Tailor shops forgotten by time - but not by loyal customers

Maryland journal

October 16, 2006|By Chris Emery | Chris Emery,Sun reporter

Johnny Newman is just too big for ordinary britches.

The mass-produced clothes sold today refuse to stretch over his 6-foot-7-inch basketball-player's frame. So every few months the former Dallas Mavericks forward leaves his Richmond, Va., home and takes a trip back in time.

His destination is a quiet, tree-lined stretch of Baltimore's North Eutaw Street, where tailors in two small shops make clothes the old way - from scratch.

In two brick buildings, just two short blocks apart, Nicky's Tailoring and Shimba Inc. carry on the sartorial tradition - a remnant of a Baltimore that once hummed with thousands of sewing machines.

During his latest visit, Newman parked under the maroon-stained maple trees outside Nicky's. It was a sunny day, but a crisp breeze blew.

Inside, he walked to a shelf stacked with bolts of wool - solids, pinstripes, windowpanes and plaids - and went through them as if he were searching a deck of tarot cards for an auspicious fortune. "Sometimes I find one so good," he said, "I've got to have it."

He pulled out a gray fabric with blue pinstripes and handed it to Clifton "Nicky" Hutchinson, 42, the shop's owner.

Hutchinson, a measuring tape hanging around his neck and scraps of thread clinging to his pants, appraised the selection. "Put that with a white or blue shirt," he told Newman, "it'll look nice."

The decor of Hutchinson's shop, like his vocation, is a blend of times and cultures. On one wall hangs a vintage ad showing two men in 1940s-era suits, their waists so thin and shoulders so broad as to be anatomically impossible. On the opposite wall, a Bob Marley poster displays the tailor's Jamaican roots.

Hutchinson learned his craft in Kingston, Jamaica, as a tailor's apprentice. He started out sewing on belt loops and hemming pants, then moved on to pockets and zippers. "Before you know it," he said in his round Caribbean accent, "you're putting a pair of pants together, then a suit."

In 1990, Hutchinson moved to New York and set up shop in his apartment. Seven years later, he moved to Baltimore and opened a storefront.

While tailoring was his calling, his secret to survival in a world of big-box stores full of clothes from China and other bastions of cheap labor was versatility. "If you come in and you want a button sewed on, we can do that," he said. "If you want a church robe made, we can do that, too."

Earlier that day, Crystel Harrilal had dropped by to pick up head wraps for a future church outing.

Hutchinson has made several dresses for Harrilal and her sister, members of the Spiritual Baptist faith, a fusion of African traditions and Christianity that originated in the Caribbean.

She explained that the dresses she and the other women wear on church trips have long collars and lots of pleats in the skirt. "You can't go into a store and buy them," she said.

Hutchinson finished the wrap while she waited, carefully folding over the edges of the fabric and pushing it through his sewing machine in swaths.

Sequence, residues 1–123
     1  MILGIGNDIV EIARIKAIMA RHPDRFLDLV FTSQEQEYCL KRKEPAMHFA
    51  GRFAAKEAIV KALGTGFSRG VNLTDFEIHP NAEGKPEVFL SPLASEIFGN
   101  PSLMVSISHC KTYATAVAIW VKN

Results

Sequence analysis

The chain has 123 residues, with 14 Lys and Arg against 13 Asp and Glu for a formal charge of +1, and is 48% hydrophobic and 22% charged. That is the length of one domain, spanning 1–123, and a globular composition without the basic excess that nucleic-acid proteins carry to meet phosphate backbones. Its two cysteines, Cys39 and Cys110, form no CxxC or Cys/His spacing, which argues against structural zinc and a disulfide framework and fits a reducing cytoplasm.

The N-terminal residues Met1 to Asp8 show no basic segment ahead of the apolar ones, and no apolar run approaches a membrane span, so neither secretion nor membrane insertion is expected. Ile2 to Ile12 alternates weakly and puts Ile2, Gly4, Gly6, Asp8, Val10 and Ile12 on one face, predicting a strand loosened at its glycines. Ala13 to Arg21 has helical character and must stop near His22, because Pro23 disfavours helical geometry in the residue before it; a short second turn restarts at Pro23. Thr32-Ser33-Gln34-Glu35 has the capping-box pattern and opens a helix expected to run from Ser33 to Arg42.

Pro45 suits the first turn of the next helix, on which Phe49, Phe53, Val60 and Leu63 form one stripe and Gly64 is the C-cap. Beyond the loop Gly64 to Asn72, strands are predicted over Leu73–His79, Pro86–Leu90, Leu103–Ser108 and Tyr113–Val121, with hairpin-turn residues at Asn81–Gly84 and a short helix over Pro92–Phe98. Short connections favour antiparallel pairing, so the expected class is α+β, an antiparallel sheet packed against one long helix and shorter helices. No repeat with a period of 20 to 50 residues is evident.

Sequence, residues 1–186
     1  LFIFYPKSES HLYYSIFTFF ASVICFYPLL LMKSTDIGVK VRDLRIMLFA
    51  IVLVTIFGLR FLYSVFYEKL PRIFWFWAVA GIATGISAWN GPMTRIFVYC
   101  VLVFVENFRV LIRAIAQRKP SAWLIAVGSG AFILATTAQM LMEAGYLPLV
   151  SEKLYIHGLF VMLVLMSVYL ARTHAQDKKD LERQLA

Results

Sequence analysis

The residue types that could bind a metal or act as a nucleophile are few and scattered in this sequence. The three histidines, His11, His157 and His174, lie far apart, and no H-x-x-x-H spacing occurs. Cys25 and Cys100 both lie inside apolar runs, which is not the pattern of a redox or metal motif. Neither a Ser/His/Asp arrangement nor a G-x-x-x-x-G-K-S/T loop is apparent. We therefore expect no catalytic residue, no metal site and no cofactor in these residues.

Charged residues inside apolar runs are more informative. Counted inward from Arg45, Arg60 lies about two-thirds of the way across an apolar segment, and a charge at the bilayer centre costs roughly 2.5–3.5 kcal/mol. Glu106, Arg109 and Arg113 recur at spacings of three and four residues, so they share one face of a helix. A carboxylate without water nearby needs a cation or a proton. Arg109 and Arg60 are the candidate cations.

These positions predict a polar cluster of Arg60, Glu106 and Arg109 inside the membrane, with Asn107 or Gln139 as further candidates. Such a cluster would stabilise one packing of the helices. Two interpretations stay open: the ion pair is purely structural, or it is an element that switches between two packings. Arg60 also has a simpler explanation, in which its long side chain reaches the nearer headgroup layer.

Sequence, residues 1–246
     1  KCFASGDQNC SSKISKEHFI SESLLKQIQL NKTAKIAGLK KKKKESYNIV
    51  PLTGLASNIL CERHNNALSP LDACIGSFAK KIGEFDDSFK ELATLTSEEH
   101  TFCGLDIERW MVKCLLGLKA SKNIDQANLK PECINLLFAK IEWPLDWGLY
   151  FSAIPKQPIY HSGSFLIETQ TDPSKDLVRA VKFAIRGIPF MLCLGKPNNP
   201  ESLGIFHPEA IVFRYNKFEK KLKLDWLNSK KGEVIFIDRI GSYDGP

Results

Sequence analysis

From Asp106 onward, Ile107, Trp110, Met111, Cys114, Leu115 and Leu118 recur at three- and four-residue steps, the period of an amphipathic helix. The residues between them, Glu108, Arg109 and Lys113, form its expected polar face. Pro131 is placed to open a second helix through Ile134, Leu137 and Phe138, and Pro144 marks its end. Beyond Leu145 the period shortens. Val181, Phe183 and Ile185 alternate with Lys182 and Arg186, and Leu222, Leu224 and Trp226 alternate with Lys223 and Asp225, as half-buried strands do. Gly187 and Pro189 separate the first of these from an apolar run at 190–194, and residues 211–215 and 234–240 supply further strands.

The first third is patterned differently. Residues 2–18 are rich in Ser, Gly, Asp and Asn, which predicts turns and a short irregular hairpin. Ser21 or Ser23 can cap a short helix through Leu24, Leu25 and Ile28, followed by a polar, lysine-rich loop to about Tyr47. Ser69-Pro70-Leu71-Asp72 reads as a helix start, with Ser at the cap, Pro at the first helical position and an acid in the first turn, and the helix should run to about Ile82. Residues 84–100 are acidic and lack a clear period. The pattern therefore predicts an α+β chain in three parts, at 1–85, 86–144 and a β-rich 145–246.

`Tailoring is nice," he said as he sewed. "The only thing is, it's time-consuming. But when you make something real nice and they really like it. ... It's like hitting a three-pointer at the end of the game."

Six years ago, redevelopment on Saratoga Street forced Hutchinson to relocate. He eyed Eutaw Street but didn't want to crowd the owner of Shimba Inc., a custom tailoring shop already on Eutaw.

When he mentioned the idea to the older tailor, he not only got his blessing but the temporary use of a button-hole machine, an expensive device that spared him the tedious task of reinforcing the holes by hand.

Gary O. Stubbs, 58, learned his craft at the old Granville T. Woods Junior-Senior High School, one of several Baltimore vocational schools that taught tailoring.

At the time, area clothing factories still seemed numerous to Stubbs, but they were holdouts from a period prior to the Great Depression when there were hundreds of menswear factories.

Stubbs spent much of the '80s tailoring uniforms at the Naval Academy, which employed onsite tailors. He opened Shimba's in 1992 along with two others. The plan was to focus on Afrocentric fashion, clothing designs originating from Africa.

"That lasted about two weeks," he said. Business was slow and his partners left within months.

But Stubbs held on by taking whatever business came his way. Like Hutchinson, he accepts a mix of alterations, repairs and orders for custom-tailored clothing of both Western and African styles. Prom season is the busiest.

Over the years, he said, he also has made costumes for movies and tailored clothes for Baltimore comedian Mo'Nique and Ravens linebacker Ray Lewis.

On the same sunny day that Newman had made his way to Baltimore, Stubbs was getting a suit ready in his shop. Narrow but long, it was crammed with sewing machines, fabric samples and spools of thread. A plaque on the wall read, "You sew Special."

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